The importance of having a vision came home to us at the second convention. What was the result? We, the people, got saddled with the Prachanda Path. It was said with conviction that this was the greatest thought of all time. Since this was borrowed from the Ekata Kendra, they, too, were called Maoist Party. This despite the Ekata Kendra's protest that they were not in fact Maoists, but simply people who believed in and followed the principles of Mao. If the Maoist leaders had vision, they would have worked with the Ekata Kendra-instead, they prepared a list of all that they said. This, they called the Prachanda Path. They are making fools of the people. Worse, they are disrespecting those who gave up their lives for the party.
Such actions, such thoughts expressed in public all show just how illogical, irrational even, the party's leaders have become. During the Panchayat era, Dhirendra Shah was the black sheep of the royal family. To protect its own reputation, the palace had to take away his royal title. The man on the street was not too impressed with him either. People might have given him a break after the 1 June incident. The Maoist leaders have made their relations with Dhirendra Shah public with great fanfare. Where exactly does he fit in with the peoples' war? Has the party lost the support of the people, that it needs the help of Deuba and Dhirendra Shah? Do not be surprised if the Maoists say that Deuba is the true follower of Amarsingh Thapa. This is the same person who committed a crime against the nation by signing the Mahakali Treaty.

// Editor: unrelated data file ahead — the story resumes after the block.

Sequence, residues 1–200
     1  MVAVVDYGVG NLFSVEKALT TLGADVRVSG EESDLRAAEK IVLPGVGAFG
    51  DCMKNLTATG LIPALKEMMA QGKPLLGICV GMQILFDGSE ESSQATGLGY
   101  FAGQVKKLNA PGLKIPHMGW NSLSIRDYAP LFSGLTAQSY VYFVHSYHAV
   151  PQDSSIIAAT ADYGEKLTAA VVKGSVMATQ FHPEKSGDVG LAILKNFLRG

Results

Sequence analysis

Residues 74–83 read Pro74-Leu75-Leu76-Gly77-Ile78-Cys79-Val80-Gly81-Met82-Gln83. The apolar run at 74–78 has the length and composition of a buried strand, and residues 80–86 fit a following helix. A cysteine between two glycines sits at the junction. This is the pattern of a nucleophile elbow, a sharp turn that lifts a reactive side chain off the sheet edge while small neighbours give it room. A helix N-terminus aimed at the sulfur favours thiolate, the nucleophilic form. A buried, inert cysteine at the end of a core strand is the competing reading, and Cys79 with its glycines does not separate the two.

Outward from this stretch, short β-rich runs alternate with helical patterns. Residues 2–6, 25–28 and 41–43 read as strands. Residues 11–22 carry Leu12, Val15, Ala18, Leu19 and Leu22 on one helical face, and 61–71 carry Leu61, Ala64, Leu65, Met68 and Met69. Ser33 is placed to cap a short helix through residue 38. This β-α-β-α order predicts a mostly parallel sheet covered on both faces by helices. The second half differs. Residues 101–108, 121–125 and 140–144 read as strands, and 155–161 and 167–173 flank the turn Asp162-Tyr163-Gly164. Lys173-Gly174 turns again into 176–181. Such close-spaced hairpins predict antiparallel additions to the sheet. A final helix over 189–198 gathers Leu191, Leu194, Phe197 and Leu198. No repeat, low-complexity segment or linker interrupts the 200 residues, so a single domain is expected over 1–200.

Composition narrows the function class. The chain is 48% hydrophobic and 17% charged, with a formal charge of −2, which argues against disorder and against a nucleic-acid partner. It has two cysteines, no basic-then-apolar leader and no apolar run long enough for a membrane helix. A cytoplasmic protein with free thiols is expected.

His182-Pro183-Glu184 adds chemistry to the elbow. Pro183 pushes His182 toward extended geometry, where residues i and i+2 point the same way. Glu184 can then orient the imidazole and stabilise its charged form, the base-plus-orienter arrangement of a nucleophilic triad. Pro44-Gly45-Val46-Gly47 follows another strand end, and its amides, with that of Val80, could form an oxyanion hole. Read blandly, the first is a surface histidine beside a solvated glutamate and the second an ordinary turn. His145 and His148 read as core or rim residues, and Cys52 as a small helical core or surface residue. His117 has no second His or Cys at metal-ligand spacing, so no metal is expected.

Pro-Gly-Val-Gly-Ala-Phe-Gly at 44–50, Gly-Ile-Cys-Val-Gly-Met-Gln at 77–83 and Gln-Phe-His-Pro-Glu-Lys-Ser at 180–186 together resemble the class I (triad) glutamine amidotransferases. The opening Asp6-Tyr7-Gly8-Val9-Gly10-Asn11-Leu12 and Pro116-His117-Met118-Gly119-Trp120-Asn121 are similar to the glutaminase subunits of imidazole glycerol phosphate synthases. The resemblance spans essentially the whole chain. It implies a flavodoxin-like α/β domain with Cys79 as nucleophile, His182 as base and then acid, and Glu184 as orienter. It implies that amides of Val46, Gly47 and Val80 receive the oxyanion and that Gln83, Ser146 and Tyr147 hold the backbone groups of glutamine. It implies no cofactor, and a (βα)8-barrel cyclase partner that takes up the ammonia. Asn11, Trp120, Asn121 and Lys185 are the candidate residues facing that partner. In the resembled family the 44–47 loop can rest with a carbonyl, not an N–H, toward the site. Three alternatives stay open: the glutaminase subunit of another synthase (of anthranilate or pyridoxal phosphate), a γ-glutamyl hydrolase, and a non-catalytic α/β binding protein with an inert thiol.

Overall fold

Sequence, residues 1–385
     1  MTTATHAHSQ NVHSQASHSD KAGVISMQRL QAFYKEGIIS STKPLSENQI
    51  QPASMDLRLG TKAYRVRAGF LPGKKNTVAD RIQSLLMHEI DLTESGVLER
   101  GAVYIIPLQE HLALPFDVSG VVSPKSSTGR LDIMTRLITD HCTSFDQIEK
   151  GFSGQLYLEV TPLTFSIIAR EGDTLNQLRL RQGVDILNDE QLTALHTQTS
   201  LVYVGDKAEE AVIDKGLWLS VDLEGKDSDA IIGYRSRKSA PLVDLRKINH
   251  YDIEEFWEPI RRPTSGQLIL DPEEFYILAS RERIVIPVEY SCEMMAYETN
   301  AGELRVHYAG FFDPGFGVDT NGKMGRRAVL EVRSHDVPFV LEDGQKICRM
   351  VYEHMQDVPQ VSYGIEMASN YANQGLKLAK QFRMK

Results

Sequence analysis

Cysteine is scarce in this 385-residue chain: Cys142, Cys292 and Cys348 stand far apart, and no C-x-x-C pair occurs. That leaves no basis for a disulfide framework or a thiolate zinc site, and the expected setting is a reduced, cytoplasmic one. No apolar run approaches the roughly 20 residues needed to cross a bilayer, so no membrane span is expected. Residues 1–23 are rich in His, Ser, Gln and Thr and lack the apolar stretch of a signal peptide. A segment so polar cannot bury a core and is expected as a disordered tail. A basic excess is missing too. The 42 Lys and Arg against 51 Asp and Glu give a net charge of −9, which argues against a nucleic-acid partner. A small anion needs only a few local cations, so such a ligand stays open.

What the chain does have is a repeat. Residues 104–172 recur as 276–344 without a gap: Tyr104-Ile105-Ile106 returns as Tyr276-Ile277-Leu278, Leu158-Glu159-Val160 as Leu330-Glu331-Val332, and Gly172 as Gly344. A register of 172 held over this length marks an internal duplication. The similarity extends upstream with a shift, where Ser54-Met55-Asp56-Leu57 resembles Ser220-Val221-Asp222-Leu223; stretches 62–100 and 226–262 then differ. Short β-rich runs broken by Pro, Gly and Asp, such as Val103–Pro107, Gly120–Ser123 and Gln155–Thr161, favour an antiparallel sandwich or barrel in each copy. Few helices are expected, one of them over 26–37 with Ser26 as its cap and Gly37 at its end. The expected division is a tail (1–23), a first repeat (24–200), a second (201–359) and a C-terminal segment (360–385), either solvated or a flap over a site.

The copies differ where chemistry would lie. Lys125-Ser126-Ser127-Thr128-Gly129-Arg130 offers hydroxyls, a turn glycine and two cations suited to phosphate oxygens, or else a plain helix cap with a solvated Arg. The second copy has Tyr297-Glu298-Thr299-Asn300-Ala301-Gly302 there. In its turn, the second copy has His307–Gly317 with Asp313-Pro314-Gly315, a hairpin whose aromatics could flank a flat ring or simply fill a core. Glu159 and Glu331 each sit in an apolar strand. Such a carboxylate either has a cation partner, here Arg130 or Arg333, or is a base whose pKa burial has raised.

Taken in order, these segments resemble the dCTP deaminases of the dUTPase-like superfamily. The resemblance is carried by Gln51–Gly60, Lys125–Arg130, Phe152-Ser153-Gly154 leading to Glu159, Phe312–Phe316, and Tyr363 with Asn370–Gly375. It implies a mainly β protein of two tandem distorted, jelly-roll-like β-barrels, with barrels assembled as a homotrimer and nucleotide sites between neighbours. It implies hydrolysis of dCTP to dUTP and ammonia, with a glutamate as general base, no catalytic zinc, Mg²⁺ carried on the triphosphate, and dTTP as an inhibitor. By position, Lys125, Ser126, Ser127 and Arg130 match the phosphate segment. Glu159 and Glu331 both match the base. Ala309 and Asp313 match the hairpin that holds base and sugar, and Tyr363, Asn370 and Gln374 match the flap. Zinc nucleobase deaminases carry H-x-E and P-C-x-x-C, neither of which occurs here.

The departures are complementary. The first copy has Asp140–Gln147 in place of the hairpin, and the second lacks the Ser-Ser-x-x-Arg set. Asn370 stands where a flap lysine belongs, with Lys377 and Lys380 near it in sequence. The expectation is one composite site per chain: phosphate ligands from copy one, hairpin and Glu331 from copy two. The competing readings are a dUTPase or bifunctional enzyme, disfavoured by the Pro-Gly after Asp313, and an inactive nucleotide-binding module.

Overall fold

This is what happens when there is a bankruptcy of thought and vision. The party's soft line on Deuba and Dhirendra, their hatred of Koirala and Gyanendra, all show that a different line of thought is hard at work in the party. Are the party's vocal protests against the new king a way to fool simple, innocent party followers? This is one of the main reasons I doubt the Maoist leaders.
The time has come when we must test the Maoist leadership. Will their dialogue with Deuba throw up a solution eventually? Will they accept that solution, will the Nepali people see the dawn of a republic? Was this struggle truly not carried out to make a hero of Prachanda?
The people of Nepal do not want a republic, they want a Peoples' Republic. Is the leadership prepared to fight beside us till the end? If they are not, if they compromise for anything less than this, they will rain bombs in the party headquarters. Another struggle will start which will remain true to the people. The people have now learnt the art of carrying out a struggle. We are prepared to carry on to the end, and no compromise can stop us. The struggle of the people does not depend on the whims and fancies of any one individual. This is the property of all the oppressed people of the world. Prachandas, Babu Rams may come and go, but the peoples' struggle will move on-to its final destination.
(A letter from a Maoist activist)